Getting Distance from Your Manuscript

writing-computerYou know it’s vital to gain perspective on your writing, but it’s hard to do when you’re the one who has slaved over the story, loved and hated it in turns, and revised it more times than you ever thought possible. How can you be objective?

What I’m finding, as I edit the first two books of my trilogy—yet again—is that the more I’ve read the story, the more objective I can be with it. But that wasn’t the case a short while ago. I seemed to have reached a tipping point.

Having an editor helps. A lot. Or at least someone with a writing background (not your friends or family) who will read the story and give you constructive feedback.

I hired a freelance editor when I couldn’t see the thing straight anymore, and had taken it as far as I could. I thought I was finished. Yeah right!

With the help of another point of view, and taking time to do something else for a few days, I can come back to my manuscript with a fresh perspective. Sure, I’ve read it God-knows-how-many-times, and find myself questioning every word and subplot now, but I think that’s healthy.

I mean, I’ve cut out probably 20,000 words. Yeah. Call me Miss Wordy and give me a gold star, because my story is so much better now that no longer weighs in as a heavyweight. I had no idea how many times I had used the words “gently” and “softly” before I did a search in my document for “ly.” That was a cull worth doing!

Getting distance from your manuscript is one of the best things you can do for your writing, and directly increases your book’s chances of getting published.

I’ve read that many places, but the last author of such wisdom I came across was Jane Friedman, who has an outstanding blog on publishing. One of the things that really stood out for me was when she talked about the 24 hour rule: never send your query right away. Always sleep on it, come back to it the next day, and see if you still love every word you wrote.

I think the same goes for storytelling, but on a bigger scale. How, exactly, do you gain such perspective, you ask?

non-writing monsterHere are some ways to distance yourself from your manuscript:

  • Take a break from writing your story. What’s that? You can’t? I understand. Try this: go blog, or read someone else’s blog (have you seen Fiction University?). Work on your author platform a bit. You’re still writing (even tweets can be creative writing), but it gives your brain a break from the story and offers objectivity in return.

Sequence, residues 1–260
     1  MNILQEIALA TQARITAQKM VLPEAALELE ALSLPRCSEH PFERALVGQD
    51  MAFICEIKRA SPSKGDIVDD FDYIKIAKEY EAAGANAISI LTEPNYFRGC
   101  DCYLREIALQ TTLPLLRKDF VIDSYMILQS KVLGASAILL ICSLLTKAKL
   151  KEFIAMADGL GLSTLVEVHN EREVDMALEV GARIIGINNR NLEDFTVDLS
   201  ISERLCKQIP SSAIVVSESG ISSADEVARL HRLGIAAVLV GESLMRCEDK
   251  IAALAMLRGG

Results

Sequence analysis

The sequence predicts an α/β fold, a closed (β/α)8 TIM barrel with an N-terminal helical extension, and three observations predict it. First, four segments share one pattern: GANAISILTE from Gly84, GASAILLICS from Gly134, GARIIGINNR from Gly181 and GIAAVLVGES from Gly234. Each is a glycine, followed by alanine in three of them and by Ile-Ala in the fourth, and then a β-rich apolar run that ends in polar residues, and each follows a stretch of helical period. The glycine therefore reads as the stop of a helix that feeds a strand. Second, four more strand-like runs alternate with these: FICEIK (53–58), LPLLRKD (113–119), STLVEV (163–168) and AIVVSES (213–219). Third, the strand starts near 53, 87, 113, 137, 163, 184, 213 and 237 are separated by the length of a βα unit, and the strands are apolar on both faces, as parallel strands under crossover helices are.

• You absolutely can’t stop writing/editing your story? Okay, fine. Pretend you’re someone else and try to read from a different point of view. You can even do up a character outline. Who knows, maybe your character will show up in another book!
  • Get outside help. Having someone else read your story can be over-the-top awesome in the help department, IF (big if) they are able to give you professional feedback. If you’re going to hire someone, research well. Here’s a good article on what to think about before hiring an editor.
  • Sleep on it. Or take a week away if you can possibly do so. Go garden, or cook, or do something non-writing related. Get away from your computer.
  • Take a walk in nature. Just be sure to have pen and paper handy so you can record any groundbreaking ideas when they hit you out in the wilderness. (Or take your smart phone if you must, but on airplane mode, eh? You’re supposed to be in nature, unplugging. Be sure to look up, not down at the screen, okay?) 😉
  • Read. ‘Nuff said.

Do you have any tips for gaining a fresh perspective on your story? I’d love to hear them! Please comment below. Happy writing!

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